Tools for collaboration
So we developed a model for collaboration, but what we found when talking and working with people was that the model didn’t explain ‘how’ you go setting up a strong collaborative approach. The model has a set of principles and a step by step guide, however it is possible to simply jump from one step to the next stating that’s it’s all been done in collaboration! Of course we all start out with the best of intentions, but often deadlines and the sheer logistics of getting everybody in a room take over and decisions end up being made a little less together than was agreed at the beginning of a project.
Each of the tools below are useful for any group to be aware of a they provide and group vocabulary and agreement on ‘how’ we will work together, and ‘how’ we will communicate. A group being aware of these tools means that they can comment on the process of collaboration, which helps with things like power imbalance in a group.
Dialogue versus Debate
This is an approach that a collaborative partnership should accept individual responsibility for, and have the ability to reflect on whether they are working in a dialogical way. ‘Dialogue’ is not in itself better the ‘debate’ however the group needs to be able to work in a dialogue in order to truly collaborate.
- Debate assumes that there is one answer and that you have it.
- Dialogue assumes that many people have a part of the answer.
- Debate tries to prove others wrong.
- Dialogue tries to work with others to find common understanding.
- Debate listens to find flaws and make counter arguments.
- Dialogue listens to understand and seek agreement.
- Debate defends assumptions as truth.
- Dialogue reveals assumptions for examination.
- Debate seeks closure around own view.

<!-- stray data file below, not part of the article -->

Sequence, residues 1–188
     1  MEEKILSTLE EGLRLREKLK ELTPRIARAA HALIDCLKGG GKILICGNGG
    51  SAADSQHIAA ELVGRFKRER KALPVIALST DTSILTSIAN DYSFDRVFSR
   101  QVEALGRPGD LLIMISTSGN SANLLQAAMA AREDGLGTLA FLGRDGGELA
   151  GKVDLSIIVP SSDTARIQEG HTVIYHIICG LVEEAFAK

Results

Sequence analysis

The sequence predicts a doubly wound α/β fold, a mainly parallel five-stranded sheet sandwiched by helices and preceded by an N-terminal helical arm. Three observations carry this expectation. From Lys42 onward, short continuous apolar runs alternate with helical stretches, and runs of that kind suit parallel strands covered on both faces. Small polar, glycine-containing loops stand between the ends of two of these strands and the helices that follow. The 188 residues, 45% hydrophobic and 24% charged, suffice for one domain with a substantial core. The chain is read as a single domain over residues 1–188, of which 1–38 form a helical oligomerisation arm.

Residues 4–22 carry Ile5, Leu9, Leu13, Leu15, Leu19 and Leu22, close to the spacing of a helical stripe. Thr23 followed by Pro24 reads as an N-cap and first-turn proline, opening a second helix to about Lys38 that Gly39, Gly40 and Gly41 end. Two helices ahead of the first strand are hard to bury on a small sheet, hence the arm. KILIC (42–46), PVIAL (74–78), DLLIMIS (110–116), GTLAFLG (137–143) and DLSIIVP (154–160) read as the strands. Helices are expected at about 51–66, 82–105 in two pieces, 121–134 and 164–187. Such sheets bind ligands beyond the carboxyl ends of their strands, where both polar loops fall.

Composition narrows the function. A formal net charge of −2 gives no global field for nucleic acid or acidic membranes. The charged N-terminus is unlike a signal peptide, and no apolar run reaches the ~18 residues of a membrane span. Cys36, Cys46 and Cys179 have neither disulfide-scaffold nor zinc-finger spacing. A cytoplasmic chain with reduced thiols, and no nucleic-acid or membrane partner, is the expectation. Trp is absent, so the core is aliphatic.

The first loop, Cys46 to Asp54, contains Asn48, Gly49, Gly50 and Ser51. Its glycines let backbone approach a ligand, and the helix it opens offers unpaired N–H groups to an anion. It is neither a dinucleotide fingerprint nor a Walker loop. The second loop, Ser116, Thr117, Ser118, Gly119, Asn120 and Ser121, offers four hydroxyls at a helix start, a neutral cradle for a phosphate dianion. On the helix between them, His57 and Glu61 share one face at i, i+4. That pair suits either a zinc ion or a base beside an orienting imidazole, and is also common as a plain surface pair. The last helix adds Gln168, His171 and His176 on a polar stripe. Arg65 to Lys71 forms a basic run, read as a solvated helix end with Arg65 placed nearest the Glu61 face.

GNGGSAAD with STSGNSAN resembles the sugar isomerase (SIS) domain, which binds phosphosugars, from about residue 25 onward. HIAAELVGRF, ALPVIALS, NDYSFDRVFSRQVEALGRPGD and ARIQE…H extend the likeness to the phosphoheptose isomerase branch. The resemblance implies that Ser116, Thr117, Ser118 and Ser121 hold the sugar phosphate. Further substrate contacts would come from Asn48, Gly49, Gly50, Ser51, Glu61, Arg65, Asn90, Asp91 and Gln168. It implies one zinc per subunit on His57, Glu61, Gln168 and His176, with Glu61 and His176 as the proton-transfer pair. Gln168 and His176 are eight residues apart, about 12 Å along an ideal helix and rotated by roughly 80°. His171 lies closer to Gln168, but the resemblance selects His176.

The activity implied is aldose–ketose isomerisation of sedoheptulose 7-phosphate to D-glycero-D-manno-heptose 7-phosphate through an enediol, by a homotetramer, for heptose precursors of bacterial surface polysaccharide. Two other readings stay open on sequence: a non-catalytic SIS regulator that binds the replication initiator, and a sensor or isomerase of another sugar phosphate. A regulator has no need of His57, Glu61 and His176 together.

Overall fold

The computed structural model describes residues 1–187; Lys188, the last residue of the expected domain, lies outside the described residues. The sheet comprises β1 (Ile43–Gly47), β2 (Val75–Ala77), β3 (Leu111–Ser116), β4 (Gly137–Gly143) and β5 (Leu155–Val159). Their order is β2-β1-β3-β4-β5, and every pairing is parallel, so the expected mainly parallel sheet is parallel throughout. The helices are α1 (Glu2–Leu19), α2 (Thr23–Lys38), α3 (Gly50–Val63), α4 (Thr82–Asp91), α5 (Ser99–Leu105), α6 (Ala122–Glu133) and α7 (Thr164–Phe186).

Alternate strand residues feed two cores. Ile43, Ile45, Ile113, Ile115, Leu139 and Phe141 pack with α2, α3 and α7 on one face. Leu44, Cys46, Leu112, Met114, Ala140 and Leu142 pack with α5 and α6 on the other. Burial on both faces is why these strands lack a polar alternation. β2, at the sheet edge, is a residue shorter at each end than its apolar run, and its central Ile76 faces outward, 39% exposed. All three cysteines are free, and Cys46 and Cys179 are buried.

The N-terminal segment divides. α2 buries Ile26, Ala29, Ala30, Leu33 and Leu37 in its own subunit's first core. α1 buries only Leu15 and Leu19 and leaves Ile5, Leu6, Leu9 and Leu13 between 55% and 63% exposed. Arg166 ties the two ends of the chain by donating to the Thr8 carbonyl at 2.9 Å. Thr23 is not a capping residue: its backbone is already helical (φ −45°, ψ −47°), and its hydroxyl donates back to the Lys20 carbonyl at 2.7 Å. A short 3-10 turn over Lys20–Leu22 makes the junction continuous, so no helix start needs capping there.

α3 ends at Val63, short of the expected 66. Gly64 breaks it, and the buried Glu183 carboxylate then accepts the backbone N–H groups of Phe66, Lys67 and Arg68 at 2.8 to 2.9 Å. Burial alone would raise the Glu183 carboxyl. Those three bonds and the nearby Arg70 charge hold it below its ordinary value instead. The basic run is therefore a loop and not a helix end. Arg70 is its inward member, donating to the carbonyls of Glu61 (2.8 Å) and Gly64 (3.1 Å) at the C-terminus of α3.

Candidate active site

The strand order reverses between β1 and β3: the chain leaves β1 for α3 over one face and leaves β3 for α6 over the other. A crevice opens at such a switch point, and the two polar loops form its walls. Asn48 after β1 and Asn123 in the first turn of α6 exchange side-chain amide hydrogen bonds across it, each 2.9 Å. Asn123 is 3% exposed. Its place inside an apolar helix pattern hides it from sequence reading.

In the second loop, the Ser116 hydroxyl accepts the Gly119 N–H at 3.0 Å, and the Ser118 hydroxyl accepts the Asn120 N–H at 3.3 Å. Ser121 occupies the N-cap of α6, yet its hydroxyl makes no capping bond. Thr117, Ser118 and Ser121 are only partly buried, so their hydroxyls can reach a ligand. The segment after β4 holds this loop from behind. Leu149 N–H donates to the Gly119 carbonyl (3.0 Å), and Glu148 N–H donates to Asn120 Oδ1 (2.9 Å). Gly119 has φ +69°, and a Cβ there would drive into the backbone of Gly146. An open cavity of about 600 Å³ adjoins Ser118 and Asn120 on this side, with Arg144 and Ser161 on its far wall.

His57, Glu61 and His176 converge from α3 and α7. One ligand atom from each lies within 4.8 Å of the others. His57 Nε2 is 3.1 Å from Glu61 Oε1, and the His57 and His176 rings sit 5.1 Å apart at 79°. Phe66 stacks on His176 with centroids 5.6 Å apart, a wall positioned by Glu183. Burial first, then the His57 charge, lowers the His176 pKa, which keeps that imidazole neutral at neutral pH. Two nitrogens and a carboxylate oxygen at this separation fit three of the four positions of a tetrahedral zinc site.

- Dialogue seeks to discover options.
It is an essential component of coming together and working collaboratively and if a member of the partnership is unable to work in this way you can slip into other modes of working which are non-collaborative – see Thomas-Kilmann model above.
Appreciative Inquiry link
A technique based on identifying what is working and working from that as a starting point. A lot of the time we default to identifying the problem and then decide what the solution to it is, this flips that thinking around.
Kantor’s 4 Player Model link
David Kantor has produced a model on structural dynamics, basically how we have conversations and how they can be mapped. For collaborative groups it’s helpful to be able to understand the conversational patterns that they use individually or as groups. It’s worth taking a look at Kantor’s book ‘Reading the Room’, but for those with slightly less time here is a short summary of the first aspect of the 4 Player model.
Thomas Kilmann’s Conflict Model
It is essential the whole group has a clear understanding of when they are collaborating and when they are not. It should be made clear that you cannot collaborate at every decision you may need to make; however the group need to be able to identify when something will happen collaboratively or not. It is ok for the group to ask members of the partnership to work through a part of the project non-collaboratively and deliver an agreed aim, as long the agreement to do so is reached collaboratively.
Below is the ‘Thomas-Kilmann Conflict Mode Instrument’. The group should be aware of this model and it should form the partnership’s collective learning. It is a useful tool when considering which tasks need to be done collaboratively or not.
Ladder of Inference link
We all make assumption and then work from that position, this model explores how you can take to pieces those assumptions which helps to find more dialogue approaches to finding collaborative solutions.